July 29, 2013

Practice makes Perfect

This is a guest post written by one of the lovely mothers who writes for the Soul Gardening Journal, a ministry for mothers. If you like what you read, please sign up to receive a journal and make a donation if you can, it's a wonderful cause!

 Want to know a secret?  Sometimes I feel sorry for Judas. It’s like someone wrote a beautiful play, a tragedy, really (but with a happy ending), and needed an antagonist.  Scanning the candidates lined up, mostly bearded men competing for 12 lead roles, he makes the cut and gets a part, not the one he wanted, but hey, its got a lot of lines, and he even gets to throw some pieces of silver at people.

In all seriousness, I am grateful that the Church does not declare him or anyone in particular to be certainly in hell.  I am head over heels in love with the image of Divine Mercy, and juxtaposed  to Our Lady of Fatima’s message regarding the number of souls falling into hell; it makes my heart ache and my head spin… so much that I have almost become humble enough to stop trying to figure it out.  Almost.

A priest recently mentioned to me C.S. Lewis’ The Great Divorce, where Lewis makes the point that many people actually choose hell because they are so absorbed in themselves that they are not ready to spend eternity thinking about someone else (a.k.a. God).  Because in reality, heaven is probably less about the one million flavors of ice-cream and swimming with dolphins, and more about joining the choir of voices that will be singing the praises of the Lamb.  So as much as we want the peace, the joy, the painlessness of heaven, the glaring reality is that heaven is not all about you.

Are we ready to spend eternity NOT thinking about ourselves?  Honestly I am not so sure I am.  I am still too self-absorbed.  But God is a genius.-Really, He is. And He has come up with a genius way to get us there, and it starts with two pink lines on a test strip.  It ends with learning to put someone else’s needs before our own, and to do it so often that we don’t even realize we are doing it.  This plan comes fully equipped with a number of humiliating experiences, like tantrums in the grocery store, so as to protect the whole beautiful thing from crumbling down because of our pride.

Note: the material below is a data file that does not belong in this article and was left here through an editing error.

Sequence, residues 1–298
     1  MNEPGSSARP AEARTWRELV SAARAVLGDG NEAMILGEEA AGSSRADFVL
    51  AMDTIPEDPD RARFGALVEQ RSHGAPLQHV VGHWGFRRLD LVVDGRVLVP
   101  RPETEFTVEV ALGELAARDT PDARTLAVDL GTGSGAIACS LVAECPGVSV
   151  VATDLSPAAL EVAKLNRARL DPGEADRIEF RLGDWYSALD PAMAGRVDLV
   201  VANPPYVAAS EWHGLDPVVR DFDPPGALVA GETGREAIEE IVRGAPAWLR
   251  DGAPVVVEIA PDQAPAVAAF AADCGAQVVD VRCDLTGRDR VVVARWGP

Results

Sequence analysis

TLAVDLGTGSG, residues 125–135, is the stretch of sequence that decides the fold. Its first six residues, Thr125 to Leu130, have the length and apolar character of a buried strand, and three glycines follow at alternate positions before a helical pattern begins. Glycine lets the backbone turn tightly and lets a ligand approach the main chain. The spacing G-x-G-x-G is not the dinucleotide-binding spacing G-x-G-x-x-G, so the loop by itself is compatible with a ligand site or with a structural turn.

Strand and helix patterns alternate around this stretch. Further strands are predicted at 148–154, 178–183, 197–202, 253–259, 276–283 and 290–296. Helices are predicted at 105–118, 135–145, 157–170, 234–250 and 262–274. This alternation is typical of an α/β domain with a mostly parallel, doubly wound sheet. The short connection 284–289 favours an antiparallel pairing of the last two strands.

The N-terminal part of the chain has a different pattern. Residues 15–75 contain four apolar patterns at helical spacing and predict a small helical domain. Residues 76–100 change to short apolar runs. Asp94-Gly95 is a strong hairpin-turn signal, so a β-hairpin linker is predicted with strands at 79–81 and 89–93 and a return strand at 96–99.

All women are called to mother either in a physical or spiritual way and it is God’s plan to bring us to heaven by turning us into the kind of people we need to be to want heaven.  Each putting down of the book, blog, sewing project, whatever, to attend to someone else helps us to live a life where we become secondary, and another becomes primary.  A busy mother rarely has the time to think of herself, and before she knows it, a habit of selflessness is formed.  And you know what a good habit is called don’t you?  It’s called virtue.

When I was in Paris I remember seeing the incorrupt St. Catherine of Laboure, enclosed in a glass coffin.  She was a short little lady with a real french nose like my own, but what struck me about her the most were her shoes.  They were leather, with heavy creases across the front under the toe line, where the shoe had been flexed over and over again from her spending so much time on her knees.  Now those creases are encased forever and she is spending eternity with someone familiar.   

Christian life is Sacrifice.  And just as the bad we have done in this life cannot be undone, the good we have done cannot be undone either.  May our bodies lie in the grave wrinkled and tired and worn, like our dear St. Catherine’s shoes, and may our own creases, be they stretch marks, cesarean scars, varicose veins, or wrinkled smile lines, be our signs of virtue, that our good Lord loves us enough to save us from ourselves.

-Hope writes on a clear, starry night, with her windows open.

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1 comment:

  1. Fabulous post. I totally think the same way. The toll of motherhood on a women's body is a badge of honor that ought to be worn with pride!


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